Well, after reading "Attracting Beneficial Bugs to Your Garden" by Jessica Walliser, I am completely rethinking my strategy. (note: you can read my review of her book on this blog)

Walliser explains that oftentimes beneficial insects are more affected by organic sprays, which in turn throws off the populations of good bugs vs. bad bugs. Moreover, if you knock off the good guys, other types of pest insects can have a population surge which is definitely what you don't want!

She recommends letting nature find its balance in your garden and attracting beneficial insects so they can help us deal with any pest insects that think they're going to munch on our plants. Fair enough.

I hope you'll find the column interesting. I've included a list of plants that Walliser recommends so you can plan ahead. I intend to dedicate more areas of my garden to these plants and will report back on occasion to let you know how it's going.

Saturday, March 14, 2015

Book review: "Attracting Beneficial Bugs to Your Garden"

by Susan Mulvihill

As an organic gardener, I am very careful to only use environmentally-safe products for the occasional insect problem. 

For example, I’m a huge fan of using floating row cover when growing veggie crops that typically have insect issues, such as cabbage family crops, spinach, beets and Swiss chard. And there's nothing wrong with that.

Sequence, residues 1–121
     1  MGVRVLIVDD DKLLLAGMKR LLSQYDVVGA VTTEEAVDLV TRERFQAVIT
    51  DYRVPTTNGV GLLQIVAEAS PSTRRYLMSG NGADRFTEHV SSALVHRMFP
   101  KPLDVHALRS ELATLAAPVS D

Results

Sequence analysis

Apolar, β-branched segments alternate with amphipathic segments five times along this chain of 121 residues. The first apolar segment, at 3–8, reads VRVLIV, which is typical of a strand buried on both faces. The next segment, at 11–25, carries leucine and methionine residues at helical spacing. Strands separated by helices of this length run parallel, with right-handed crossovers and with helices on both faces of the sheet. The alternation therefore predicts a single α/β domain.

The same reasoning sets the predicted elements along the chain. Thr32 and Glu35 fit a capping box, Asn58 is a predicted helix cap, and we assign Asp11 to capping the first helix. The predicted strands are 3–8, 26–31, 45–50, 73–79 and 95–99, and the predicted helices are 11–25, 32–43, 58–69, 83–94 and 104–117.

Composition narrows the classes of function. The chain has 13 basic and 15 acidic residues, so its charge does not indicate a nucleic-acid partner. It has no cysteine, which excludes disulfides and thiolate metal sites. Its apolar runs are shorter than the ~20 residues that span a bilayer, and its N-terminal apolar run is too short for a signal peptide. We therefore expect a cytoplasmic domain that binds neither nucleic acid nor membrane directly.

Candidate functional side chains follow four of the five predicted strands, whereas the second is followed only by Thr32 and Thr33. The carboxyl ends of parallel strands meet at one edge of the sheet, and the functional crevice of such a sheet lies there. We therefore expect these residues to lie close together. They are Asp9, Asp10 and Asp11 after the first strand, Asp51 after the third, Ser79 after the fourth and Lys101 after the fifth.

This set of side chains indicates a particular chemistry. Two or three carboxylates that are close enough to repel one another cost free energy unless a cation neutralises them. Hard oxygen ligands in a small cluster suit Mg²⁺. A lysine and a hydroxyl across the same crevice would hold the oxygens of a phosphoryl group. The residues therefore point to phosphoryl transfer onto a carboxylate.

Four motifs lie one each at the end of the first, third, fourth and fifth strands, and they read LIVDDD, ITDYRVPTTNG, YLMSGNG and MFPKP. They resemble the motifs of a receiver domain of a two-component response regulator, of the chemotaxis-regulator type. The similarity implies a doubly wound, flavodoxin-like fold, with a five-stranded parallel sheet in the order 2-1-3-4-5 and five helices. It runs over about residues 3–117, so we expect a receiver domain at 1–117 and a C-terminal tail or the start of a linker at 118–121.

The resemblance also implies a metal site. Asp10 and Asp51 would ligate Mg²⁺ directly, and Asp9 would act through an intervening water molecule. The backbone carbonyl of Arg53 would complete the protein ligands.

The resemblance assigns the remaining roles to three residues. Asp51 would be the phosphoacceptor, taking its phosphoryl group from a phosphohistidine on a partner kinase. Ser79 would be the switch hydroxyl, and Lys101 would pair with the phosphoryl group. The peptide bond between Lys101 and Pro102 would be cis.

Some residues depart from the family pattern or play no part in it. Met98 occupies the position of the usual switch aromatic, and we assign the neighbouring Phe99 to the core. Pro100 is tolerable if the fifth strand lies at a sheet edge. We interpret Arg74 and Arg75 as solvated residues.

But I have also occasionally used organic sprays such as Bt (Bacillus thuringiensis) to control cabbage loopers and tomato hornworms, or Safer’s insecticial soap when dealing with aphids. Here I thought I was being such a good steward of the environment around me but it turns out that’s not necessarily so.

After reading Jessica Walliser’s book, “Attracting Beneficial Bugs to Your Garden” (Timber Press 240 pp., $24.95), I now know that even organic sprays can cause problems. For one thing, they can be more harmful to beneficial insects than to the pest insects I’m targeting. Yikes!

And if you knock off the good guys, other types of pest insects can become more prevalent in the garden. Suddenly the balance in your garden’s insect world is completely off.

An interesting fact I read in Walliser’s book is that only 1 percent of insects are damaging types, and the other 99 percent are either beneficial insects or ones that do no harm. As gardeners, doesn’t it always seem like there are way more pest insects than that?

As the author puts it, “All these tiny (beneficial) insects are a vital part of your garden. Their inherent intent, of course, is not to help you control pests but rather to survive and reproduce. Isn’t it nice, however, that your garden reaps the benefits of their consumptive and reproductive needs?.... Learning to recognize these natural enemies and encouraging ample populations of them results in a clear win-win situation for both the insect and the gardener.”

Aha, so that really should be our goal, don’t you think?

First of all, she underscores the need for us to have a pesticide-free environment. For one thing, this will eliminate the resistance to chemicals that pest insects have a tendency to develop.

Second, we need to add plants that will shelter and support the benefials.

Walliser points out that, in order to survive and reproduce, beneficial insects need proteins found in pollen and carbohydrates found in nectar. She says it’s best to have both pollen and nectar sources in one place in our gardens so the beneficials don’t expend energy trying to find each.